Let me start by completing the sentence in the headline. When China bites, sales decline, profits sag, and the future of a foreign enterprise in the country becomes fuzzy, its investment runs into significant jeopardy, and all the assumptions about the nation's potentials go haywire.
Honda, Nissan, and Toyota are finding out how unpredictable China can quickly become, and the experience of these three Japanese auto manufacturers should have cautionary lessons for other foreign companies operating in the country. In recent weeks, some Chinese people have held protests against Japan and have taken out their anger against Japanese companies and business interests. Some of these protests have been violent and resulted in the destruction of buildings, cars, and other goods manufactured by Japanese enterprises. They've not even spared Japanese businesses that have local joint venture owners.
The implications of those protests and the ensuing boycott of Japanese-branded products — even by Chinese people who don't agree with the protesters — can be devastating. Today, Honda Motor Co., for example, slashed its fiscal 2012 earnings and sales forecast by 20 percent, citing a slump in demand in China, according to a Wall Street Journal report. Both Nissan and Toyota have also hinted sales in China would decline due to the escalation of problems in China and the growing calls for boycott of Japanese goods in the country.
The protesters had no issues with Honda itself; they were irritated with Japan's actions during the second world war and its government's current policies. In fact, many of the vehicles destroyed were seized from Chinese nationals. There was nothing Honda could have done to protect itself, but it is still paying a price for actions it couldn't control. The WSJ report noted above added:
- In an early indication of the toll the bilateral standoff is taking on the car maker's bottom line, Honda cut its profit forecast from its joint ventures — almost all of which comes from operations in China — to ¥80 billion, below a previous ¥120 billion estimate and down from ¥100 billion last fiscal year.
Earlier this month, Honda said sales in China plummeted 41% in September from a year earlier. Nissan saw its sales tumble 35% and Toyota reported a 49% drop. The fall in sales for Japan's big three auto makers came after the outbreak of sometimes violent anti-Japanese protests in China last month sparked by Japan's renewed claim to some contested East China Sea islets.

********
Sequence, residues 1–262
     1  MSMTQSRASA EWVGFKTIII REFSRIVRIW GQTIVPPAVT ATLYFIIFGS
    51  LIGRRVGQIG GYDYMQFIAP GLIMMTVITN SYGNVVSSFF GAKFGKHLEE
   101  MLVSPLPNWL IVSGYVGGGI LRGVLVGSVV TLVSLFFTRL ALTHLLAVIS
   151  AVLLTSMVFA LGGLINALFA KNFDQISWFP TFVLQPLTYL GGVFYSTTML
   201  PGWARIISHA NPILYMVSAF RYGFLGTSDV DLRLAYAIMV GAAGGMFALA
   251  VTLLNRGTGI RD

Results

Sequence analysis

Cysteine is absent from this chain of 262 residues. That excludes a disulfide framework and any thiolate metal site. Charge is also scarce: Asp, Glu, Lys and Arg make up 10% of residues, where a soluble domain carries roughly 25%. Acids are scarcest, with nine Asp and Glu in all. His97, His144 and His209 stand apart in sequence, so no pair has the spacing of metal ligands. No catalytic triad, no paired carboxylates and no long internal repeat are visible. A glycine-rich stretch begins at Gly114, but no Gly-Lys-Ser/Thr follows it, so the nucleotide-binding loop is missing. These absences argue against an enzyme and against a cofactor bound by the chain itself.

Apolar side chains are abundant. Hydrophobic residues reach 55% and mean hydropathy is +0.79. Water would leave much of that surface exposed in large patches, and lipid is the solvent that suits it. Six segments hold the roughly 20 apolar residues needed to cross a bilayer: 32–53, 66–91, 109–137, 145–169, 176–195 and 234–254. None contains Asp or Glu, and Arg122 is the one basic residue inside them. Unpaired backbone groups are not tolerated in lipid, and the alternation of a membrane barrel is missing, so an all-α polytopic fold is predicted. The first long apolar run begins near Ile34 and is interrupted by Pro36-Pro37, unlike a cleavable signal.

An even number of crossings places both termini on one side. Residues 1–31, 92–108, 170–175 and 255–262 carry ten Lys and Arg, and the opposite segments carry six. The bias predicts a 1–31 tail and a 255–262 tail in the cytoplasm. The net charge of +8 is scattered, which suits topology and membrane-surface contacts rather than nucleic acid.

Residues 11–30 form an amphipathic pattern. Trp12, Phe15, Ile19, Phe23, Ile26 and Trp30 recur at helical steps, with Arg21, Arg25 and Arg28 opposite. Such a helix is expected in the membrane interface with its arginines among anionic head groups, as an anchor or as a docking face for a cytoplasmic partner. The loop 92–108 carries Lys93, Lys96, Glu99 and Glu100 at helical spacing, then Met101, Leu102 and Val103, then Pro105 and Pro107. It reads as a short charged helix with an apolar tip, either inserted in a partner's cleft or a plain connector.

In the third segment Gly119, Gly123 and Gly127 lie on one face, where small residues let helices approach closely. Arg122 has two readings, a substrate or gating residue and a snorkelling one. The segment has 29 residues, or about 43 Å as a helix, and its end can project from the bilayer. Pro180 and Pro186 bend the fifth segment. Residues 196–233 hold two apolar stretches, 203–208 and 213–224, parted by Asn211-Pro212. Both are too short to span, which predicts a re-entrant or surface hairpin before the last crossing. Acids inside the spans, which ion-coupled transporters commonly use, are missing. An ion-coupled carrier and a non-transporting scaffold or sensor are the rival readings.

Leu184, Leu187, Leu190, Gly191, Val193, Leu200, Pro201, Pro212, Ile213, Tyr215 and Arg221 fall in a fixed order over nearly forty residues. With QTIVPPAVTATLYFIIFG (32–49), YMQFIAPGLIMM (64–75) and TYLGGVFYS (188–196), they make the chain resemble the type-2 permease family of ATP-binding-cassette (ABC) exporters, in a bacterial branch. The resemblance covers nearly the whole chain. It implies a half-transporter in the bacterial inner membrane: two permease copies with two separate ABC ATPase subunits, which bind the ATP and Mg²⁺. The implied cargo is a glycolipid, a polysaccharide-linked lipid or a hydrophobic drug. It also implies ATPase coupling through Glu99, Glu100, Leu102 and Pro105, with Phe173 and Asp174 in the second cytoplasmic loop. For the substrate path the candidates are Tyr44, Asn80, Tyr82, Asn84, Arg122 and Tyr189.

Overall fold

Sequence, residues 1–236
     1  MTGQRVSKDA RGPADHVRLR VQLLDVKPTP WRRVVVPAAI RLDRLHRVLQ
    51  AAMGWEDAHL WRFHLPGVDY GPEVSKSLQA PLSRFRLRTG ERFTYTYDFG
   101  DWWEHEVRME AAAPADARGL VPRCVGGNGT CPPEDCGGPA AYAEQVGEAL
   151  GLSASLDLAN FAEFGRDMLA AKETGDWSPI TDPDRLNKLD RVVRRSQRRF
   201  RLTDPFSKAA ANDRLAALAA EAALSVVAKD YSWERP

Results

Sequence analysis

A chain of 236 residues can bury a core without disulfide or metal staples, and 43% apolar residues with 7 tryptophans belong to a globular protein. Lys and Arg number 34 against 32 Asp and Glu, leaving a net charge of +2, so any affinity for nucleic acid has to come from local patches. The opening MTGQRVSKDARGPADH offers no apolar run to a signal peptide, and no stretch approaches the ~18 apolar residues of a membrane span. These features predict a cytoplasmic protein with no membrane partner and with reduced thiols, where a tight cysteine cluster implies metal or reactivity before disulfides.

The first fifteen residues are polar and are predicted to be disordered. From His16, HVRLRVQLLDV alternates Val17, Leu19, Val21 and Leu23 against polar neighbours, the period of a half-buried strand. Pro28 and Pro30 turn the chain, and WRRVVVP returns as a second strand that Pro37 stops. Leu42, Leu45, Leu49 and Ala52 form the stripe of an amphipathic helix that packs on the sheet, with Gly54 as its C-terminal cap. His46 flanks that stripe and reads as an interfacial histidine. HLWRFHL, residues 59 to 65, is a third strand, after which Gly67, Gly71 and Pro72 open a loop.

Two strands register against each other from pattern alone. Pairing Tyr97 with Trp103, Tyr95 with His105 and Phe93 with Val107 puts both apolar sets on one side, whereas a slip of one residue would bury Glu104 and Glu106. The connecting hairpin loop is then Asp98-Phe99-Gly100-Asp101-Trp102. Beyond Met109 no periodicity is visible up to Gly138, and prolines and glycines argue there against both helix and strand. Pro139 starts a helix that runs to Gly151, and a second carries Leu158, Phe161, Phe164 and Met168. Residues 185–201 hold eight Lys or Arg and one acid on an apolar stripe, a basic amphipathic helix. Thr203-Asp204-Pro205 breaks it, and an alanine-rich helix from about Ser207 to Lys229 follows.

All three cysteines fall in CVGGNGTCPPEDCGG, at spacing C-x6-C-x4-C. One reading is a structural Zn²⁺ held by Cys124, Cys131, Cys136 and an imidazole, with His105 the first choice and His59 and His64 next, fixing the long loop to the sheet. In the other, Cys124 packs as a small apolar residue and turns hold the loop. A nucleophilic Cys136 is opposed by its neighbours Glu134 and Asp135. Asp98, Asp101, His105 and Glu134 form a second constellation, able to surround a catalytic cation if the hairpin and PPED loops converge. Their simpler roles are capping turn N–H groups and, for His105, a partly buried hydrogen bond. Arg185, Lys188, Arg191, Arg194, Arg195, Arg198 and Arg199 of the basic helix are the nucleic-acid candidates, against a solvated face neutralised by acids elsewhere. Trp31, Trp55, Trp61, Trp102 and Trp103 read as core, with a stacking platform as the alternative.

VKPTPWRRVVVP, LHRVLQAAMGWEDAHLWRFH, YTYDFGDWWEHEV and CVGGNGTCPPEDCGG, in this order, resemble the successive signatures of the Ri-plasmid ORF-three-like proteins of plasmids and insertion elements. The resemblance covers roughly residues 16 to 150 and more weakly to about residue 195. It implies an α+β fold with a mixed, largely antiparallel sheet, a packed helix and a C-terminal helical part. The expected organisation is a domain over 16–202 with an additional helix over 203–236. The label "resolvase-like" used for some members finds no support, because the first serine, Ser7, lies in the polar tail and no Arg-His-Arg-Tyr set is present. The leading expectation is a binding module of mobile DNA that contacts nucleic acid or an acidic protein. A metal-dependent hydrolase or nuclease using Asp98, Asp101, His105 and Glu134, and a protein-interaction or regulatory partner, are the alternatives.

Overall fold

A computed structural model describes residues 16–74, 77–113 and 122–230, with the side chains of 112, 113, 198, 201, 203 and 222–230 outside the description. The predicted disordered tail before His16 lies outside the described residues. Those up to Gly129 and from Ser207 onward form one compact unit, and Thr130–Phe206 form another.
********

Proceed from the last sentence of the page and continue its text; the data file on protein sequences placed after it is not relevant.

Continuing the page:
OK, let me get this right. The Chinese are willing to boycott Japanese goods, even if they were produced in China by Chinese nationals whose livelihood depends on it, or even when the plant is part-owned by local investors? That shouldn't be news to many business executives who have always been concerned about the potential for dangers from Chinese nationalism. But the attraction of China continues to outweigh its hurdles.
The history of Western engagement with China tells it all. First, Western companies moved manufacturing to China to gain a competitive edge by taking advantage of its lower-cost labor option. Then they began eyeing the potentially huge — though still emerging — Chinese middle-class as holding the possibility for future sales growth. As with everything China-related, though, the reality is often much more complicated than most Western CEOs and investors can ever imagine.
If that's the case — and it certainly is based on the experience of Honda — then Western companies and especially electronics manufacturers need to be aware of the anomalies inherent in the Chinese experience. I am not asking anyone to abandon China, but it still makes sense to have contingency plans in place for when China bites.